But Eve Online avoids this trapping. I’ll be honest, I don’t really know what everything on the screen does. There’s like fifty little buttons. But they all have tool tips that pop up when I hover over them, so I’m confident I’ll figure things out.

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Rather than teach me everything, Eve’s tutorial taught me a handful of things to do. It’s like I showed up for my first day at work and went through orientation. Nobody expects me to remember everything, but I’m eager to see what happens next.

Eve Online also respects my time. At no point in my life have I ever been eager or excited for a tutorial. I’m looking forward to experiencing the game and its tutorial is my gateway. It’s like standing in line for a ride. Sure, the ambiance is nice, but I want to get to the real game.

To that end, the tutorial could probably be completed in 20 minutes. I took longer to explore the interface and soak up the ambiance.


At the end of a well-executed tutorial I should be prepared for what’s immediately in front of me as a player and inspired to explore beyond what I’ve learned so far.

In Eve Online, this means I’m fairly certain I know what I want to do next and the game’s given me a clear path to doing it.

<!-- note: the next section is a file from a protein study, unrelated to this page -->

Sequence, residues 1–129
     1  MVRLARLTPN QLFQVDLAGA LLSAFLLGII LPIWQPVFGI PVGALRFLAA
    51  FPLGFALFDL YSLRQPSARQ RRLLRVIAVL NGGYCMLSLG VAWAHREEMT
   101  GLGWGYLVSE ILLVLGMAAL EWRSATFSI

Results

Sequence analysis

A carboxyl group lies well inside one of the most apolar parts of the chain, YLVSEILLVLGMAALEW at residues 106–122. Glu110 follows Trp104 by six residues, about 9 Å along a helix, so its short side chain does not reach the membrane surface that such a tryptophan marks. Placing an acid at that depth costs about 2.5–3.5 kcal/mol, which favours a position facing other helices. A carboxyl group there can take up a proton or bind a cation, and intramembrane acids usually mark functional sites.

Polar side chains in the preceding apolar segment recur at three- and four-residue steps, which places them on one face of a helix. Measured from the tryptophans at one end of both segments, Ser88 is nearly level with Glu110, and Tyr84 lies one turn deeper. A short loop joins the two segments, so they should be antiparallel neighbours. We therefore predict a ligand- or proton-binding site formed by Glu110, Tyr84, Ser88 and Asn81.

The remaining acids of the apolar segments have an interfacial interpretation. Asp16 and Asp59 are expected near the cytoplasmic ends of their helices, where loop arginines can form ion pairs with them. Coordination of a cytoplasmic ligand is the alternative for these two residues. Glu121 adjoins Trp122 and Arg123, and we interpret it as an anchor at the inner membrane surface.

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The tutorial lets players explore the facets of the game they’re most interested in and then sets them on that path. While it does play on some old tropes (you’ve just arrived, and you have to prove yourself to the big factions by taking on small jobs), the combination of an AI assistant, a big bright interface that basically says “click this button to advance,” and a surprisingly funny and to-the-point storyline makes this tutorial feel like it takes 10 minutes.

When I was finished I had to force myself to stop playing.


A lot of MMOs and competitive games suffer from a “hard to learn, hard to master” problem that makes it difficult for some people to get into them. I played Eve Online more than a decade ago, but I was never able to really get into it.

Over the years I’ve seen the news pieces covering the massive player-lead wars and incredible record-breaking gaming feats. I wanted to dive in and try again, but I always had reasons not to.